News / Middle East

Egypt's Muslim Brotherhood Wins Support by Helping Poor

El Farouk Hospital in suburban Cairo is where the Muslim Brotherhood is winning hearts in Egypt
El Farouk Hospital in suburban Cairo is where the Muslim Brotherhood is winning hearts in Egypt

Multimedia

The Muslim Brotherhood in Egypt is the country's best organized opposition group.  Its members took part in the protests that swept Hosni Mubarak from power, but they did not dominate them.  Instead, the brotherhood, still banned, works behind the scenes to win support and pave the way for what its leaders hope is the eventual imposition of Sharia law in the Arab world's most populous nation.

This is where the Muslim Brotherhood is winning hearts in Egypt.

El Farouk Hospital in suburban Cairo:

Like other facilities, it does not admit to receiving aid from the brotherhood, but the banned group directed VOA to this hospital.

Hospital Director Dr. Magdi Ahmed Abdel Aziz says the hospital serves everyone,  especially the poor.  “We get upper class people, especially in the emergency room.  We get cases of poor people because our costs are subsidized with aid from donors,”  Aziz said.

The hospital heals bodies, but it also provides for the spiritual needs of patients.  This is why lawyer Ismail Mohamed Ismail had his surgery here.


“If you look behind you, the televisions are playing verses from the holy Quran.  The staff are doing their jobs, considering God in their conscience and I feel comfortable and anything related to Islam makes me feel psychologically relieved,”  Ismail said.

El Farouk and other Islamic donor-funded hospitals provide medical care for many poor Egyptians when government aid falls short.

“The health ministry provides care, but its budget cannot cover the services,” Aziz said.

The Muslim Brotherhood is not a jihadist organization. It wants gradual transformation.  However, the group's former head, Mohamed Mahdi Akef, says its aim is clear. “Islam should rule Egypt,” he said.

Hosni Mubarak's departure and the prospect of free and fair elections may open a new opportunity for the group.

Muslim Brotherhood leaders hope the good will it has cultivated among some of Egypt's poor will bear fruit at election time, if the group is allowed to participate.

Patient Ismail Mohamed Ismail declines to say if he would vote for Brotherhood candidates. He is not sure if imposing Sharia in Egypt will ever be necessary.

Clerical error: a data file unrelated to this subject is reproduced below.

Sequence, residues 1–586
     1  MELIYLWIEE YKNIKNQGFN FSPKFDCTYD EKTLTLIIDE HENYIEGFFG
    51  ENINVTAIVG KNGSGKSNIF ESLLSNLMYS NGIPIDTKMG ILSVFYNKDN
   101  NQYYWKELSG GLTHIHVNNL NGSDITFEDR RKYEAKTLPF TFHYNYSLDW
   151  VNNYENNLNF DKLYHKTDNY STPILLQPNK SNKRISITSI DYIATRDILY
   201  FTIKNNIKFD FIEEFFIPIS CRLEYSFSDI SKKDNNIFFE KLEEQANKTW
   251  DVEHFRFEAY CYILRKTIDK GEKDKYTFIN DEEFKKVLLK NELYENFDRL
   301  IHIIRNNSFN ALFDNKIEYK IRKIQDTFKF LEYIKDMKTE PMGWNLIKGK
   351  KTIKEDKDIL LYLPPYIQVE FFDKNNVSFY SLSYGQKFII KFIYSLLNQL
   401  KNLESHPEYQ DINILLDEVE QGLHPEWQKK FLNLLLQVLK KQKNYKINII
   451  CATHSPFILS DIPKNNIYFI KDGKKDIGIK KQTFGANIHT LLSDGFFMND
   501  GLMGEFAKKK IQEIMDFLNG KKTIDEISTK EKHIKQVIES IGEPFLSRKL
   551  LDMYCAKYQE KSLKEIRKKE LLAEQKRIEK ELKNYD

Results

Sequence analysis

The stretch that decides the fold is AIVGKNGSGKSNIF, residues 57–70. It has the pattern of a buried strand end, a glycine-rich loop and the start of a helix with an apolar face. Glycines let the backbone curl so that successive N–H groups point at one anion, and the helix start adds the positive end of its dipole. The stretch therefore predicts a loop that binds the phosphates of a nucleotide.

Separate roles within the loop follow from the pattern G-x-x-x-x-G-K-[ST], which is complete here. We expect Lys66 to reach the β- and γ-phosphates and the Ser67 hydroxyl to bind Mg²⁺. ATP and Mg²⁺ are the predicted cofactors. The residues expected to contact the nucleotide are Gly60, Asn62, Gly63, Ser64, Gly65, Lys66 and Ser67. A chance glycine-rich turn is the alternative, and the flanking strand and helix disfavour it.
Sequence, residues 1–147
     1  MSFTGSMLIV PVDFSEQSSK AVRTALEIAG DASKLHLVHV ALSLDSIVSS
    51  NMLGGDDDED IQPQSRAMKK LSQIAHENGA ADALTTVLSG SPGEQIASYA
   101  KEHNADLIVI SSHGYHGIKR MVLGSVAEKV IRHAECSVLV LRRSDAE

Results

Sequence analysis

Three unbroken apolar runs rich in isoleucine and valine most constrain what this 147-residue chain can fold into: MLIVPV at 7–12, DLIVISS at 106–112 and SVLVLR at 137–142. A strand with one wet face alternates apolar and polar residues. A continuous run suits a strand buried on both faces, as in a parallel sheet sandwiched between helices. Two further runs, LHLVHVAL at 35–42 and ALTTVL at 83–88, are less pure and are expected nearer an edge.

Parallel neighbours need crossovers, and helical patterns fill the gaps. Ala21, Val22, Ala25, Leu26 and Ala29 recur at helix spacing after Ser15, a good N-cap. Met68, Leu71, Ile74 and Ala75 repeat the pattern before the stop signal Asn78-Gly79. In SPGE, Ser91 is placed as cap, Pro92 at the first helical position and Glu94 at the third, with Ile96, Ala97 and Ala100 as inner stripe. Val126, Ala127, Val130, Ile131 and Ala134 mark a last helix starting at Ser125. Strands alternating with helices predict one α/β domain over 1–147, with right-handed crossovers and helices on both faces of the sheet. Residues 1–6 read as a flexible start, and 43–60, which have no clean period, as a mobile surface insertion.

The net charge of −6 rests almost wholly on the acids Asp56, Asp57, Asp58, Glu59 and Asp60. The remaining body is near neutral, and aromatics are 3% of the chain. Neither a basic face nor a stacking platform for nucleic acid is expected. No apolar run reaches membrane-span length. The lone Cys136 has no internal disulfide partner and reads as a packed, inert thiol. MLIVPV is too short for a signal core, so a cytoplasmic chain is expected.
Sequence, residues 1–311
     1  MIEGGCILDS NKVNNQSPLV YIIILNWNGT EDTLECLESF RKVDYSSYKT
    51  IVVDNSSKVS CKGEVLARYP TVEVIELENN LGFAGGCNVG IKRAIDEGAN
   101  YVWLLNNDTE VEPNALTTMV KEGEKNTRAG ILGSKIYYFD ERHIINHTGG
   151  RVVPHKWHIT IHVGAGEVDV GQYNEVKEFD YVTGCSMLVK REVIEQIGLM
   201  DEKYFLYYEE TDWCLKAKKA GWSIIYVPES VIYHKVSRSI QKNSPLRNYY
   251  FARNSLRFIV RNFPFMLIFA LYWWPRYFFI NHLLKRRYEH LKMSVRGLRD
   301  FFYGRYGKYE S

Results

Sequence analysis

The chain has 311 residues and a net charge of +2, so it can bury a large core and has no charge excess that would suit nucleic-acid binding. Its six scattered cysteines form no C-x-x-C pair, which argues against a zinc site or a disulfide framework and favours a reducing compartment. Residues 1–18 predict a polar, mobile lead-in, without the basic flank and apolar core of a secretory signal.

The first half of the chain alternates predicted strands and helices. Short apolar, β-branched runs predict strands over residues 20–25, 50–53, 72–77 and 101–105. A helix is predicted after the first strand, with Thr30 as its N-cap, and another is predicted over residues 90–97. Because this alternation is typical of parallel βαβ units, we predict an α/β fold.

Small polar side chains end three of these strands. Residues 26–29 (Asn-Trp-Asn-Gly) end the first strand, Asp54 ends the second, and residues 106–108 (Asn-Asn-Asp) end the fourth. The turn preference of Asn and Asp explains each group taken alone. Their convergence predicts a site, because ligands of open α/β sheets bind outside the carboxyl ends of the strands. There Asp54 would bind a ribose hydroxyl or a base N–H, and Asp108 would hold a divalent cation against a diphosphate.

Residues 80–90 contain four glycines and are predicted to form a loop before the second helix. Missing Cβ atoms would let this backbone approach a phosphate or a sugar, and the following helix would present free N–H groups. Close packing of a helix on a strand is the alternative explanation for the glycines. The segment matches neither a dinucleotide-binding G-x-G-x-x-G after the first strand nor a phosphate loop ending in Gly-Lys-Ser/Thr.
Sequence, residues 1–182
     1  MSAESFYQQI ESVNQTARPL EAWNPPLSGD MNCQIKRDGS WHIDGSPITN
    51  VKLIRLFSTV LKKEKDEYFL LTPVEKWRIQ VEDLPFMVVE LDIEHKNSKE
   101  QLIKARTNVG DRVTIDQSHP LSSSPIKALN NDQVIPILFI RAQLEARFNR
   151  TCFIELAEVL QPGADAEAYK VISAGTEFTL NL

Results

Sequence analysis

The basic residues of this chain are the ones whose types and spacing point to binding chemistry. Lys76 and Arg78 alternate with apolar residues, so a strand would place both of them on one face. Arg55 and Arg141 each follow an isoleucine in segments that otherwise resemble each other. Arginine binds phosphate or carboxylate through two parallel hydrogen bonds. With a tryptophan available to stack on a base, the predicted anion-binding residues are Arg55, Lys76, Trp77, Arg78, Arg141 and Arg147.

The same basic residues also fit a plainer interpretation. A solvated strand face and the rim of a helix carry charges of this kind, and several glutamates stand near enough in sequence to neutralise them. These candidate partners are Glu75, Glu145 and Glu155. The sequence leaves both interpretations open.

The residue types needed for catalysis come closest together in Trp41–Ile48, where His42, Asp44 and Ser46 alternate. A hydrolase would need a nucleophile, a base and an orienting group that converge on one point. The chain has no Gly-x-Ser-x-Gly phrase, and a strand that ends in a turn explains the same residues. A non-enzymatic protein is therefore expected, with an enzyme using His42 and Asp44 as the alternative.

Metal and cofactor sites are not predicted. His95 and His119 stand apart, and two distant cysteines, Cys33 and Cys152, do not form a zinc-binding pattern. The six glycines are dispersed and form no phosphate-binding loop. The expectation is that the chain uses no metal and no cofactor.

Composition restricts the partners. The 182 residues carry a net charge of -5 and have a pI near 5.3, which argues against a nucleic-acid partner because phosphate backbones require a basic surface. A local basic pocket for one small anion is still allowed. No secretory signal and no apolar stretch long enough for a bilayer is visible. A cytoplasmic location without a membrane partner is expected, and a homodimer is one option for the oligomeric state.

“In the 70s, during the time of the late Presidents Nasser and Sadat, people were wearing short skirts, but their faith was stronger. Now, more people are wearing hijab but they are empty of faith. I hope people will have more faith, like before. I hope religion will come back to people, more than before,” Ismail said.

Banned from politics for decades, the Muslim Brotherhood has won ground in places like El Farouk Hospital. Its next challenge may be winning wider support across Egypt.

 

NEW: Follow our Middle East reports on Twitter
and discuss them on our Facebook page.

You May Like

Philippines, Muslim Rebels Try to Salvage Peace Pact

Peace process faces major setback after botched military operation to find terrorists results in bloody gunbattle between government forces, Moro Islamic Liberation Front fighters More

Republicans Expect Long, Expensive Presidential Battle

Political strategist says eventual winner will be one who can put together strongest coalition of various conservative groups that make up Republican Party More

Video New Wheelchair Is Easier to Use, Increases Mobility

Engineers have come up with a lever-operated design that makes use of easily accessible bicycle technology More

This forum has been closed.
Comments
     
There are no comments in this forum. Be first and add one

Featured Videos

Your JavaScript is turned off or you have an old version of Adobe's Flash Player. Get the latest Flash player.
Liberia's Almost Last Ebola Patient Grateful but Still Grievingi
X
Benno Muchler
March 26, 2015 3:41 PM